As far as SATA III, like 474 said, it won't make a huge difference. The bottleneck on HDDs is the rate at which data is read off of, and written to the platters, not the interface. The only time the faster interface would help is when the data being accessed is on the drive's cache.
Been doing a lot of random reading ... and what I'm thinking is the best bet is just sticking with two drives. One for my installs/apps/etc. and one for backups, or more preferably some sort of mirroring software (TBD).
Now just have to decide on the 1tb (sata 6) vs. 1.5tb (sata 3)...
Ok another question ... do you guys generally go with internal or external drives for backups? The WD USB 3.0 External is looking pretty tempting ... and they go up to 3tb's, which is more than I'd ever need.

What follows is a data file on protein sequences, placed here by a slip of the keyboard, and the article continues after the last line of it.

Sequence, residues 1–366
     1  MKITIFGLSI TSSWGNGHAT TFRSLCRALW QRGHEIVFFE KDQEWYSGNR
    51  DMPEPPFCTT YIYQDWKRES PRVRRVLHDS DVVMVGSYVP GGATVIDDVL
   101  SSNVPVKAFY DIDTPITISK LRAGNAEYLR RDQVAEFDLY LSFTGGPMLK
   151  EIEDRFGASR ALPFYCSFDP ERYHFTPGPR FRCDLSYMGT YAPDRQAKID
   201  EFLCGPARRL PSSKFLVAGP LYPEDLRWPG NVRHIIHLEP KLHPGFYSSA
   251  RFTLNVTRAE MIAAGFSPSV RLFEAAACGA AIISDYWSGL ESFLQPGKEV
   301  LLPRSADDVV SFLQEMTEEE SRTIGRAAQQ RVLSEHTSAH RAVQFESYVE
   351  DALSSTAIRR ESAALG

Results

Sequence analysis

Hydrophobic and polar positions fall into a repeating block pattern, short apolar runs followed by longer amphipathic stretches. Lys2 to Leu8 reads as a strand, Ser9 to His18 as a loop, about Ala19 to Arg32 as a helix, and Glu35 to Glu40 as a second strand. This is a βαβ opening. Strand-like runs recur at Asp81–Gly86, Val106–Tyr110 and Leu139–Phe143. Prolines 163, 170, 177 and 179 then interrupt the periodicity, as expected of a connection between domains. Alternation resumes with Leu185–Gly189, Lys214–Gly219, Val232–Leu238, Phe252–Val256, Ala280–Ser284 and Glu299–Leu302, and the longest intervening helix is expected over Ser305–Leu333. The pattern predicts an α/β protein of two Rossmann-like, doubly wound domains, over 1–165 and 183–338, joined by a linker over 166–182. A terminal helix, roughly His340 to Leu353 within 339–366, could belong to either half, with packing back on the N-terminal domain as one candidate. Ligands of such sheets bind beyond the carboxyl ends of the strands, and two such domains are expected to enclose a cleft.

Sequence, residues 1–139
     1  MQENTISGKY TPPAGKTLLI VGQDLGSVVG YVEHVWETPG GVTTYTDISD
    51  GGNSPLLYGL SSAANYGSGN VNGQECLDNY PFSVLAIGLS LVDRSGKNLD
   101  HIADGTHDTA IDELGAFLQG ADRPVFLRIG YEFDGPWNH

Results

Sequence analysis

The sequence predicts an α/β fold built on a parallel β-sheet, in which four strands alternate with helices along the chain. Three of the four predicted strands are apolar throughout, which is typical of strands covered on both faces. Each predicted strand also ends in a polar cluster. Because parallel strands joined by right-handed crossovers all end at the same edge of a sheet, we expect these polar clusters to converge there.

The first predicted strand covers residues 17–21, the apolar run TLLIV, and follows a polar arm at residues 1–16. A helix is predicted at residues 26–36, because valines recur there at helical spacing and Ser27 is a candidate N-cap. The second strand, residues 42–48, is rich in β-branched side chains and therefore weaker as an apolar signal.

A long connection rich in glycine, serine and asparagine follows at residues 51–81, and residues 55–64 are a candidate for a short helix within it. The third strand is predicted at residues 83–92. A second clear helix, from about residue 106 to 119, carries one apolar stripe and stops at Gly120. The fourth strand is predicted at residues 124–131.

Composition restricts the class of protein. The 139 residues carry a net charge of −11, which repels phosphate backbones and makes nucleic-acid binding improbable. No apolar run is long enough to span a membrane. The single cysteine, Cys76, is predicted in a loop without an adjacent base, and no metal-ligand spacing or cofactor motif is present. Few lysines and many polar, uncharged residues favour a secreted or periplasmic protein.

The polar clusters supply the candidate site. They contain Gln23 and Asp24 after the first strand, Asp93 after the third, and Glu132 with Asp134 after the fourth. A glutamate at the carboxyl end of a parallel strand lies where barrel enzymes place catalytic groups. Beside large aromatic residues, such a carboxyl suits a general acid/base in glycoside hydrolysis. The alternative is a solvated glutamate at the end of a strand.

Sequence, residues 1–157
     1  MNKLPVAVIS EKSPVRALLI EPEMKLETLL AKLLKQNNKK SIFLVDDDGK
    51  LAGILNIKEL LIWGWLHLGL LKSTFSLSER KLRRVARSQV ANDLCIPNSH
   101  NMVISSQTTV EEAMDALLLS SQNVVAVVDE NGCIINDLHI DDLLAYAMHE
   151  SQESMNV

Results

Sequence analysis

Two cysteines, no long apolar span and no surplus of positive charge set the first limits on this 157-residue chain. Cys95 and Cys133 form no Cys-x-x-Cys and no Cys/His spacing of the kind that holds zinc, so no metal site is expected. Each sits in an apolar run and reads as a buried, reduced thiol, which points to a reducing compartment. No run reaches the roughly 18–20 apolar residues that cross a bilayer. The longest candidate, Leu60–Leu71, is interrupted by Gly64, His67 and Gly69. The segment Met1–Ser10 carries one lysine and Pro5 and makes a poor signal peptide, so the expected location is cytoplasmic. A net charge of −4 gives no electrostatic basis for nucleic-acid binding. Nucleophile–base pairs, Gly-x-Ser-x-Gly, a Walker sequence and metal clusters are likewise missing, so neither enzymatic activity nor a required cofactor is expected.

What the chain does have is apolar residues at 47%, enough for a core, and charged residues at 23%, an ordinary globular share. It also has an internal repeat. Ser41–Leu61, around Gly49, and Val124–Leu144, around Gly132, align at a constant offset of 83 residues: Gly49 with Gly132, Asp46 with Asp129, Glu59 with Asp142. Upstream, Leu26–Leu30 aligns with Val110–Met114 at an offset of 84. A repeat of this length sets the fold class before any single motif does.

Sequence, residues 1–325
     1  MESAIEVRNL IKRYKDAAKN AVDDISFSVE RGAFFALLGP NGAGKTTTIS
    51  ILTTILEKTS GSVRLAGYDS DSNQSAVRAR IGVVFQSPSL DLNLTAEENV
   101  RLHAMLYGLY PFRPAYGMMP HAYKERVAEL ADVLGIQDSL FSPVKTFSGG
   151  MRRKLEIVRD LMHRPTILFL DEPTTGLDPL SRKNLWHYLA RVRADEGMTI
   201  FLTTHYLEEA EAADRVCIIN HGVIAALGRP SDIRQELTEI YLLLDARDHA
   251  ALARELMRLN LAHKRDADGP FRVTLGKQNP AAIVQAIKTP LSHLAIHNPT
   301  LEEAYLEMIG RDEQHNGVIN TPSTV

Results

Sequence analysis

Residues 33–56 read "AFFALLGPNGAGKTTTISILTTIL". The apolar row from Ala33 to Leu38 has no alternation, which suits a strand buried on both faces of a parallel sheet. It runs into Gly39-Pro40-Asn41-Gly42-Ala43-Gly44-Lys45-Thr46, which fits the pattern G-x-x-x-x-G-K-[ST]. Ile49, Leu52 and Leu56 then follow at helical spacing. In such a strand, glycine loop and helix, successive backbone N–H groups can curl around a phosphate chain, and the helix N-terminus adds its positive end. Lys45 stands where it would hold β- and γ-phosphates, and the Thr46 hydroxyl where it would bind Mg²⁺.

Also, any reason why the WD2002FAEX (2TB Black Caviar) isn't available from Amazon nor NewEgg? I think this is the drive I want to go with, but it worries me that only 3rd party resellers on Amazon have it at the moment ...
474, why do you say to unplug it? I thought with WD's software, it's more or less always backing up (based on delta's). Is it wear and tear on the drive that you want to avoid? Aren't externals with fans more ideal from a longevity/heating perspective?
None of those. Proper backups are physically removed from the machine in case of damage. If the PSU fails and sends a voltage spike out that fries your hdd, if your backup is attached there is a change it could travel through the USB and fry your backup. Technically your backup should be stored off site in case of fire, flood, act of god, etc. Should be kept in your drawer at work and only brought home once a week/month, etc to run the backup. Once thats done, unplug and take it back to work.
This is the text book answer. Not everyone follows. For example, I don't. I do however keep copies of important things on my wifes computer. Its good in case one of ours fails but if lighten strikes our house and both computers die then there is a chance I/we'll lose everything.